When I did this the first time, I was quite disappointed , because it seemed like the hash was different from the original hash of the block. I quickly realized, however, that it was just reversed! (Apparently, Bitcoin hashes are stored little-endian).

Adding a REVERSE function just before calling TO_HEX did the trick:

Now it seems legit!

So, that’s quite an achievement already: we now know that we can verify the hashes for Bitcoin blocks on BigQuery. If we wanted to use BigQuery to mine, we’d want use the same set of functions, except we wouldn’t have the complete header: we would have to search for a valid header with a small enough hash value.

A valid header consists of 6 fields:

  1. version — Values of 2, 3, and 4 are common (new values are being added)
  2. hashPrevBlock — The hash of the previous block in the chain
  3. hashMerkleRoot — Hash of all the transactions in the block (explainer)
  4. time — Timestamp of when the block was created
  5. difficulty — The difficulty of the block stored as a floating point number
  6. nonce — 4 bytes that we can vary to affect the header value

Mining is basically trying all the possible combinations for nonce, and then checking the hash for each until the hash is below the target value. The target value can be easily derived from the block’s difficulty:

target = (0xffff * 2**(256-48)) / difficulty

The minimum difficulty for any block is 1. Therefore, any target is going to have at least 48 leading zeros. So, as the difficulty number for our block was 3462542391191.563, the target was: 000000000000000000514a490000000000000000000000000000000000000000

You can find the current difficulty and target value here (the link will also give you a little more explanation about the relationship between the difficulty and the target value).

So, basically, if we wanted to reproduce the mining process for this block, we’d just have to try all the different combinations for the nonce, the last 4 bytes of the header, until we found one whose hash is smaller than the above number.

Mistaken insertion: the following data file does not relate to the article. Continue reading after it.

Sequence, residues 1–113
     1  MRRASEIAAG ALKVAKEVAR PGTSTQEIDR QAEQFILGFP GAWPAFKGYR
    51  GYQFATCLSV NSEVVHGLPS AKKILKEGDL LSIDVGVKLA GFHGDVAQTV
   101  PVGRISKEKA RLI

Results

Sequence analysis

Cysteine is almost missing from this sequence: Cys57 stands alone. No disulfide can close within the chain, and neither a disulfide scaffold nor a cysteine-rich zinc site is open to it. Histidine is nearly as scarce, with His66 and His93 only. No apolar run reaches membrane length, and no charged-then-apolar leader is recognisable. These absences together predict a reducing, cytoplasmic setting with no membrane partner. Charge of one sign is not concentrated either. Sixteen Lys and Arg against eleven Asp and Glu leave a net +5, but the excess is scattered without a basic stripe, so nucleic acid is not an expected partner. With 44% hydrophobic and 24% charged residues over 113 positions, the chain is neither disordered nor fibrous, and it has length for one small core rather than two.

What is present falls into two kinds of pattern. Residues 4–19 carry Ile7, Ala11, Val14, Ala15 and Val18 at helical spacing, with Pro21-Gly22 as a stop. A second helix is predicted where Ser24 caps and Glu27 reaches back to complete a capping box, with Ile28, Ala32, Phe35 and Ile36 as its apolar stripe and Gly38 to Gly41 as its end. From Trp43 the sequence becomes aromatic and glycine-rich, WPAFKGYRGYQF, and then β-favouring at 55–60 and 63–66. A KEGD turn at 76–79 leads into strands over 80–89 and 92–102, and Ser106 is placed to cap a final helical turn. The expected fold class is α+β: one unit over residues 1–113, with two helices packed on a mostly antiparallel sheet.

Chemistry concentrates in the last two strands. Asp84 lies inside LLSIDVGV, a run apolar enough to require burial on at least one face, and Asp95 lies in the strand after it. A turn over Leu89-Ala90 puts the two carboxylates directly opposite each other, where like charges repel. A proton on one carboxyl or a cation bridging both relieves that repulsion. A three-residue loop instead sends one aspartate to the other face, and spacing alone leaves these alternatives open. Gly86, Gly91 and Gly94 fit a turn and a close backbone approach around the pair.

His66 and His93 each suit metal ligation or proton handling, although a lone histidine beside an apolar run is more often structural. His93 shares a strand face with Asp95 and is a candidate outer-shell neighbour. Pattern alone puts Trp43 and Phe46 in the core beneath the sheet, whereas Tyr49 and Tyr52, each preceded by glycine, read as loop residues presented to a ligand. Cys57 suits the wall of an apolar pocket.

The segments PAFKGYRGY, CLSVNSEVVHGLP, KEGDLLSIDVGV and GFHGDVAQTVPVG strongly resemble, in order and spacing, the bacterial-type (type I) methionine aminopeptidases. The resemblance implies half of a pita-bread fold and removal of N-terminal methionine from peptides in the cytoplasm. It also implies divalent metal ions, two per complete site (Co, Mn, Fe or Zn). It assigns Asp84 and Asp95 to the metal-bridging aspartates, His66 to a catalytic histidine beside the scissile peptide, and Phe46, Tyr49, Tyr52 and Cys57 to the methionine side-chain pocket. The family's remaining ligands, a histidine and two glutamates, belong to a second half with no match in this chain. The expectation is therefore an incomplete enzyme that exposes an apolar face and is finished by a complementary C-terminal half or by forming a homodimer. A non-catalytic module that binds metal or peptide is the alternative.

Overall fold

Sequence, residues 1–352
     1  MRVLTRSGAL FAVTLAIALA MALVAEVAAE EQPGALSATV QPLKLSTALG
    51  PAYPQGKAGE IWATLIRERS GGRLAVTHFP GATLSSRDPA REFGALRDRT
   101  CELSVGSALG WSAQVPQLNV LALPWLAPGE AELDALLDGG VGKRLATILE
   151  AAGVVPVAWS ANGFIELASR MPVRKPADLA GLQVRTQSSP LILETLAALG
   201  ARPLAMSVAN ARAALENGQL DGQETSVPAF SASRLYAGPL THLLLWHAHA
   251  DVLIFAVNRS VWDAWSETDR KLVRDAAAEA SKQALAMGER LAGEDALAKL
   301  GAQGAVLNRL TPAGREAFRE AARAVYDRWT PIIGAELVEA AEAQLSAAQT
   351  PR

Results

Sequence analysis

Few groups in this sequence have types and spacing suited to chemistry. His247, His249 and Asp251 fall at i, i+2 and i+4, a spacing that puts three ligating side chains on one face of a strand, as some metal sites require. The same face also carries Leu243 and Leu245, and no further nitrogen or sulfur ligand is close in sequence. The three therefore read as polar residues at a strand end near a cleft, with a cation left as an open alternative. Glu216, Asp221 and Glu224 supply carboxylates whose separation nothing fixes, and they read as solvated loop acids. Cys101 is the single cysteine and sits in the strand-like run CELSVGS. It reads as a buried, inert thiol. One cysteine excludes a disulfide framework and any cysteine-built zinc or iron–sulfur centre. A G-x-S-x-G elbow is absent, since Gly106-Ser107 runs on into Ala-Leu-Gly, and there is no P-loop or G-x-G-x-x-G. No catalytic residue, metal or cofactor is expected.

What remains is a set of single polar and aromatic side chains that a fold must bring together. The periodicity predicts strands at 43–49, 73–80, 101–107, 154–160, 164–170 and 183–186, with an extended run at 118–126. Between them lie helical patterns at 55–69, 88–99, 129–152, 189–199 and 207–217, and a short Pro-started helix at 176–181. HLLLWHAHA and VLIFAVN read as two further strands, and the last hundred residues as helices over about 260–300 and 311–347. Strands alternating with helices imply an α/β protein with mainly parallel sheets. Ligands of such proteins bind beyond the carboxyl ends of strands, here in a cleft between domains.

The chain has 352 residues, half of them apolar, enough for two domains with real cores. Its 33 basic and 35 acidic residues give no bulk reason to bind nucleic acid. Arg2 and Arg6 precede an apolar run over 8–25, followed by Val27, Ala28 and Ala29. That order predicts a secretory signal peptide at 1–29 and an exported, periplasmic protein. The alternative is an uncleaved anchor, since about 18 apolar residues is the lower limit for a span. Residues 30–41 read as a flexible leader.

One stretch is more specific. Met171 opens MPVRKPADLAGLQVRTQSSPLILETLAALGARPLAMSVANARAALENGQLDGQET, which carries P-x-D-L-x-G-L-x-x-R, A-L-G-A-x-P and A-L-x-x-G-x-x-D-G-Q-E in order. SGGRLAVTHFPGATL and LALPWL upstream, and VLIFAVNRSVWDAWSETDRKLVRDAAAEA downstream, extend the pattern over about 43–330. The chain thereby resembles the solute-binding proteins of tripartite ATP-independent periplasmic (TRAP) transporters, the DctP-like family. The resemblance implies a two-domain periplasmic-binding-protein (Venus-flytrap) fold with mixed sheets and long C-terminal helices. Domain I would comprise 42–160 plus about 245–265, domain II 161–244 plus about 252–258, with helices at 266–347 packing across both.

Re-Mining the Block

I decided to start small by just searching for the last byte, as we already have the answer in this case. Initially I thought about uploading a small table with all the numbers between 0 and 255 (the valid values for that byte), but then I found that this table can actually be mimicked by combining two SQL functions: UNNEST() and GENERATE_ARRAY() :


Armed with this knowledge, I created my first query that tried to reproduce the mining process inside BigQuery:

TO_HEX(CODE_POINTS_TO_BYTES([0xac, 0x99, 0x75, num])) AS nonce
'000000204a4ef98461ee26898076e6a2cfc7c764d02b5f8d670832000000000000000000f99f5c4d5025979fcb33d245536a55b628d4564c075c0210cbbc941ad79fdbc5e491b55a494a5117'), CODE_POINTS_TO_BYTES([0xac, 0x99, 0x75, num]) ))))) LIKE '000000000000000000%'

Okay, let’s tease that out a little!

Basically, since we’re only searching for correct the nonce, I removed that part from the header (you can check — the long hex string in the query is only 152 characters long, which represents 76 bytes, that is, the header without the nonce). What our query is looking for is a 4 byte value that, once appended to the header, will result in an hash smaller than the target number.